Lam aims to strengthen cooperation
Chief Executive Carrie Lam Cheng Yuet-ngor is eager to extend cross-boundary collaboration between Hong Kong and the mainland, acknowledging the huge opportunities the mainland’s economic miracle have brought the city.
Hailed as a dynamic hub for global finance, Hong Kong has seen its financial services sector earn a worldwide reputation and become one of the twin pillars of the local economy, Lam said at a meeting with Guo Shuqing, chairman of China Banking Regulatory Commission (CBRC), in Beijing on Tuesday.
Despite its impeccable strength in financial services, which currently account for 17 percent of Hong Kong’s GDP, the city faces intense competition from a cluster of rival centers for a leading role in global finance.
“This makes cementing its role as an international financial center a real issue for Hong Kong. And it can never go without the unswerving support from the central government,” Lam said.
The remarks were made on Lam’s second full day of meetings in Beijing as part of her first official visit to the capital since she took office on July 1. Lam led a delegation of her top aides, including Financial Secretary Paul Chan Mo-po and other heads of policy bureaus, to meet various ministries in her quest for more bilateral cooperation in future.
Having worked for the Hong Kong government for a good 37 years, Lam said she has never been in charge of financial affairs. This makes her believe paying a visit to CBRC will offer a fine start to her term as chief executive.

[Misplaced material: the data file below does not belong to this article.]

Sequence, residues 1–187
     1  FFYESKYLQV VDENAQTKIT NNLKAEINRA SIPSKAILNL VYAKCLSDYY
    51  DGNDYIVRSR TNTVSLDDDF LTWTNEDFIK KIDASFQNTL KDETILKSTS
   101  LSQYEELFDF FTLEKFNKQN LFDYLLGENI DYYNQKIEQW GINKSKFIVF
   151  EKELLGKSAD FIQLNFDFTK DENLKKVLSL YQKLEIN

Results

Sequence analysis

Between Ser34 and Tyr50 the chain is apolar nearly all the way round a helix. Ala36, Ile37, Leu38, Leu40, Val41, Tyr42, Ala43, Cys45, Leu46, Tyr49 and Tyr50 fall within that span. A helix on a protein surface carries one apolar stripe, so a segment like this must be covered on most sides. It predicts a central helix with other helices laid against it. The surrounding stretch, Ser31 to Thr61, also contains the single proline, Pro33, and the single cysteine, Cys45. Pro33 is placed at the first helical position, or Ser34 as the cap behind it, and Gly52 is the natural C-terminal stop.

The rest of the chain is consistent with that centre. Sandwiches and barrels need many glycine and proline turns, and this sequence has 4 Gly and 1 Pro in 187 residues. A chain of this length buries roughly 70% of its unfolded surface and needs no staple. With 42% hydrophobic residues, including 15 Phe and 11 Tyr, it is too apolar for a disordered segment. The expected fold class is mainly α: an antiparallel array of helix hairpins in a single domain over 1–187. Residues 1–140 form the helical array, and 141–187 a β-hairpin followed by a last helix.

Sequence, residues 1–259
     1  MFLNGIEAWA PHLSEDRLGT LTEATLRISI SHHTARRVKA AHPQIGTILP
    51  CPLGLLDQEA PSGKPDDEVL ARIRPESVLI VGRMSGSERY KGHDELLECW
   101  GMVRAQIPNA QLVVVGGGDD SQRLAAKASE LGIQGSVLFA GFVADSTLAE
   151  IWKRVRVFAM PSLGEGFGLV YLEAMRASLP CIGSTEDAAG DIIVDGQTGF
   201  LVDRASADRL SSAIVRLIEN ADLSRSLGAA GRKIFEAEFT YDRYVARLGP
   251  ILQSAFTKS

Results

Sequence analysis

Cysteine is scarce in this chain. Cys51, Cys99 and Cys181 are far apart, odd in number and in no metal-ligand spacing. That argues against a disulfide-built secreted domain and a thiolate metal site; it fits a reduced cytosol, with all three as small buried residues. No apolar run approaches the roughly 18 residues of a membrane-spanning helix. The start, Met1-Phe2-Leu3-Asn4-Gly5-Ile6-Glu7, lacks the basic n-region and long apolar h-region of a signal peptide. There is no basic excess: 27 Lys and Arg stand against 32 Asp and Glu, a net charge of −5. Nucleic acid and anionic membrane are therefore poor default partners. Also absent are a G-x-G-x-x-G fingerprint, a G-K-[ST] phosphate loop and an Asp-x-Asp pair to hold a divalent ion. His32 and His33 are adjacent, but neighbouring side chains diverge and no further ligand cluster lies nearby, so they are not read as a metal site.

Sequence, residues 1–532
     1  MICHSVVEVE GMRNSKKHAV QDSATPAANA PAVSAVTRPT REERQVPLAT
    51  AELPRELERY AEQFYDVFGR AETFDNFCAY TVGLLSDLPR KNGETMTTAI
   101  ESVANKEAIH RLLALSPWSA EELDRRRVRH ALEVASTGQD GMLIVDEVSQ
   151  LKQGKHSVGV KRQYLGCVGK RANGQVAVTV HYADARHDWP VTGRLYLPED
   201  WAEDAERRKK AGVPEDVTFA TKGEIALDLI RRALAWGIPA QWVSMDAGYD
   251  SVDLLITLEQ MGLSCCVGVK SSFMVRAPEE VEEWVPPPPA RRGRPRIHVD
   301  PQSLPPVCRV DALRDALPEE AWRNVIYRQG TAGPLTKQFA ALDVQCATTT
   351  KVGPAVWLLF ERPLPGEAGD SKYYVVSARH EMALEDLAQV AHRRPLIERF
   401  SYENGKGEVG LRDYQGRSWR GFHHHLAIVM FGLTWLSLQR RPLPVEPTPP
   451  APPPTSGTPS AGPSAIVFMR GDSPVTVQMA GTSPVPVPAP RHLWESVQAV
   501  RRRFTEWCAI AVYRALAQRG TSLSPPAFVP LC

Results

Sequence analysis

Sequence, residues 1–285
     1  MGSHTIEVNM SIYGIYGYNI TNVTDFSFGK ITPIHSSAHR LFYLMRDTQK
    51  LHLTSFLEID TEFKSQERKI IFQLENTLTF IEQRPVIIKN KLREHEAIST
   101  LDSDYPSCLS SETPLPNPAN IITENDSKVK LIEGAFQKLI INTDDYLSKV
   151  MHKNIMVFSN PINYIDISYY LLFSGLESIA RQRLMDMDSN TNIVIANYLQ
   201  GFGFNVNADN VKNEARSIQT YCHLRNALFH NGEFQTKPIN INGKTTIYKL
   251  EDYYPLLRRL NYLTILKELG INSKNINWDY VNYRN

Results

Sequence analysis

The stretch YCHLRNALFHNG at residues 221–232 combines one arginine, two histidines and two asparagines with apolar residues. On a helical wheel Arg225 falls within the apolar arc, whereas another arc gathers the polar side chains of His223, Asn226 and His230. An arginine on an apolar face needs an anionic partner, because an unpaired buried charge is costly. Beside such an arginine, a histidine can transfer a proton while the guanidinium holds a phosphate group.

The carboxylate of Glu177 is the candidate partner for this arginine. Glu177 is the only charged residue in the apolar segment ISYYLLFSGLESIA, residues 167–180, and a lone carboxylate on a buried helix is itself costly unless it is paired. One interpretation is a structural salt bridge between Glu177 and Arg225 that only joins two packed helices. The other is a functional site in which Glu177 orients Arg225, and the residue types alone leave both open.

Guo noted that the banking industry stands as the absolute dominant force in the mainland’s financial system. Over the first half of this year credit from mainland lenders grew 950 billion yuan ($141.7 billion) year on year, indicating a better-than-expected performance of the country’s real economy.
Echoing Guo’s remarks, Lam said Hong Kong’s banking industry had also fared well so far this year, shown by a 10 percent growth in asset value, a steady rise in new credit and a relatively low bad-loan level.
“As Hong Kong is looking to ride high on the undertakings and goals of the Belt and Road Initiative and Guangdong-Hong Kong-Macao Greater Bay Area plan, this calls for mainland and Hong Kong’s banking regulators joining hands in a more proactive manner,” she said.
In a sign of Hong Kong’s determination to play a bigger part in the Belt and Road push and Greater Bay Area plan, the special administrative region is looking forward to closely joining forces with National Development and Reform Commission (NDRC) to work out details of the two grand plans, Lam said at a meeting with He Lifeng, chairman of NDRC, on Tuesday afternoon.
Beachgoers give globs of palm oil wide berth at Upper Cheung Sha Beach in Lantau on Tuesday; Hong Kong authorities have closed 13 beaches after palm-oil spilt in a ship collision clogged the sands.